Table of Contents  
CASE REPORT
Year : 2016  |  Volume : 9  |  Issue : 4  |  Page : 623-625

Severe pre-eclampsia masquerading as peripartum cardiomyopathy in an emergency cesarean section: a challenge to the perioperative physician


Department of Anaesthesiology and Critical Care, Institute of Medical Sciences, Banaras Hindu University, Varanasi, Uttar Pradesh, India

Date of Submission22-Feb-2016
Date of Acceptance29-Jul-2016
Date of Web Publication12-Jan-2017

Correspondence Address:
Vishal K Pai
Department of Anaesthesiology and Critical Care, Institute of Medical Sciences, Banaras Hindu University, Varanasi, Uttar Pradesh 221005
India
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Source of Support: None, Conflict of Interest: None


DOI: 10.4103/1687-7934.198263

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  Abstract 

Peripartum cardiomyopathy (PPCM) is a rare and unusual form of cardiac failure of unknown etiology that is observed in late pregnancy or early postpartum. Although the complete pathogenesis of PPCM is not completely understood, the signs and symptoms are similar to those of left-ventricular heart failure. PPCM is diagnosed in a parturient woman only after other causes of cardiac failure have been ruled out. Its management is similar to that of congestive heart failure. This report describes the role of an anesthesiologist in the postoperative management of a parturient woman who was admitted with severe preeclampsia and developed pulmonary edema and heart failure in the postoperative period necessitating management in the ICU. Subsequently, PPCM was diagnosed and managed successfully. The diagnosis of PPCM is challenging and requires a high index of suspicion by the perioperative physician. Routine medical management in the form of digoxin, diuretics, vasodilators, β-blockers, and anticoagulants should be the first step but may also require vasoactive drugs and circulatory support. Future pregnancies are generally avoided in such patients.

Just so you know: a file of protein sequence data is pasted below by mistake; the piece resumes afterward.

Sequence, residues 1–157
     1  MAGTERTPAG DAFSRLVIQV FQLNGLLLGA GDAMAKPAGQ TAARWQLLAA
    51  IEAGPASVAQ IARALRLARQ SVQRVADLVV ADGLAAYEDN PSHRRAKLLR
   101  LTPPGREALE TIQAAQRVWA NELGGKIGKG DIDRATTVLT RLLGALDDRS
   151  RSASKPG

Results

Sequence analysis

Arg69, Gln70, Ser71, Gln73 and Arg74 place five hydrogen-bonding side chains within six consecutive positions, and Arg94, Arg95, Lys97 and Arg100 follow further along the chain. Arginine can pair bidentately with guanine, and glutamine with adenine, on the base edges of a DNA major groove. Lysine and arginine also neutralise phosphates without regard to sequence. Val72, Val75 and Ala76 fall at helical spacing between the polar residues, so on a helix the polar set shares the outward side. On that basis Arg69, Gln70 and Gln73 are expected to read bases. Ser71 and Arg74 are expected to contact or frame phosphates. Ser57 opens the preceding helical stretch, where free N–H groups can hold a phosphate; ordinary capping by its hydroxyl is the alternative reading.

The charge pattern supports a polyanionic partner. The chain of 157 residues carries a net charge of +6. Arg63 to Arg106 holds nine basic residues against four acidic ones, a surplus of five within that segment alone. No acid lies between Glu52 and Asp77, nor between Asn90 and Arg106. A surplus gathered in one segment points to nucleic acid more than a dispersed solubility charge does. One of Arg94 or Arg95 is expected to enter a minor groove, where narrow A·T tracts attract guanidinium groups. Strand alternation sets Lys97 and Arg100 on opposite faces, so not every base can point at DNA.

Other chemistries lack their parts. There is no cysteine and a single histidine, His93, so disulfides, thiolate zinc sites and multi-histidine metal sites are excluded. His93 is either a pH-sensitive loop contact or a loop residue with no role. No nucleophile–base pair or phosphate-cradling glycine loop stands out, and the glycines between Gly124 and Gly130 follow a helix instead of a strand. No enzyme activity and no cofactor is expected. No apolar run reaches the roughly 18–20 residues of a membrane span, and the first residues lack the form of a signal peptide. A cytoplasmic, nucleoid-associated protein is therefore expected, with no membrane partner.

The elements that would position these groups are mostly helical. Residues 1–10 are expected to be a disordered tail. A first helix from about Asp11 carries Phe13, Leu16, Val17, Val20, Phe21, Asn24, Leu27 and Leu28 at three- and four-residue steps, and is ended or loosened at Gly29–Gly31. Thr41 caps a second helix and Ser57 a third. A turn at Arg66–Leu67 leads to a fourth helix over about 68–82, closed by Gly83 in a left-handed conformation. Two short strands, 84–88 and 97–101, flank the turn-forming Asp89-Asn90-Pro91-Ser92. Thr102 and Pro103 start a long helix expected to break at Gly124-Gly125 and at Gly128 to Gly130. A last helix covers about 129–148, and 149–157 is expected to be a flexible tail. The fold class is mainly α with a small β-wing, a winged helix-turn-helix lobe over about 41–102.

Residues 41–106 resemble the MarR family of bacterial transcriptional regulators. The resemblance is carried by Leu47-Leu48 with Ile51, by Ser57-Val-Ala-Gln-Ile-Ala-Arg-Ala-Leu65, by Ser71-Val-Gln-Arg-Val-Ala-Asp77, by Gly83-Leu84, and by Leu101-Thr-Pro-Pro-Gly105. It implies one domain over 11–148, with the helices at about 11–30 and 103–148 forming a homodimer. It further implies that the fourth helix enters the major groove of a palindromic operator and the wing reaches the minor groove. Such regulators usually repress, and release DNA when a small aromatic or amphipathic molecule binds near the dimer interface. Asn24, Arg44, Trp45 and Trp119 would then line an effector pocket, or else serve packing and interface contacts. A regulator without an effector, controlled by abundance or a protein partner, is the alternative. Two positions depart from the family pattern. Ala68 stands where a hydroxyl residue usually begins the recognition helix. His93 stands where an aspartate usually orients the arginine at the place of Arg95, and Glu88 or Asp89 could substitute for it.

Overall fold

Keywords: emergency cesarean section, peripartum cardiomyopathy, pulmonary edema, severe preeclampsia


How to cite this article:
Pai VK, Dhar M, Singh AP, Kumar AA. Severe pre-eclampsia masquerading as peripartum cardiomyopathy in an emergency cesarean section: a challenge to the perioperative physician. Ain-Shams J Anaesthesiol 2016;9:623-5

How to cite this URL:
Pai VK, Dhar M, Singh AP, Kumar AA. Severe pre-eclampsia masquerading as peripartum cardiomyopathy in an emergency cesarean section: a challenge to the perioperative physician. Ain-Shams J Anaesthesiol [serial online] 2016 [cited 2017 Oct 19];9:623-5. Available from: http://www.asja.eg.net/text.asp?2016/9/4/623/198263


  Introduction Top


Peripartum cardiomyopathy (PPCM) is a rare and unusual form of cardiac failure usually presenting in the last month of pregnancy or in the early puerperium [1]. PPCM presents with features similar to congestive heart failure, which includes fatigue, orthopnea, pulmonary edema, pedal edema, and distended neck veins. Symptoms such as fatigue, dyspnea, and pedal edema are common in late pregnancy, making it difficult to identify patients with PPCM. In addition, pre-eclamptic parturients may present with symptoms of respiratory distress because of capillary leak [2]. In the present report, we describe the role of an anesthesiologist in the postoperative management of a parturient who was admitted with pre-eclampsia with ruptured membranes and leaking per-vaginum with fetal distress, and whose health status quickly declined secondary to fulminant pulmonary edema in the immediate postoperative period. Subsequently, PPCM was diagnosed and was managed successfully in the ICU.


  Case report Top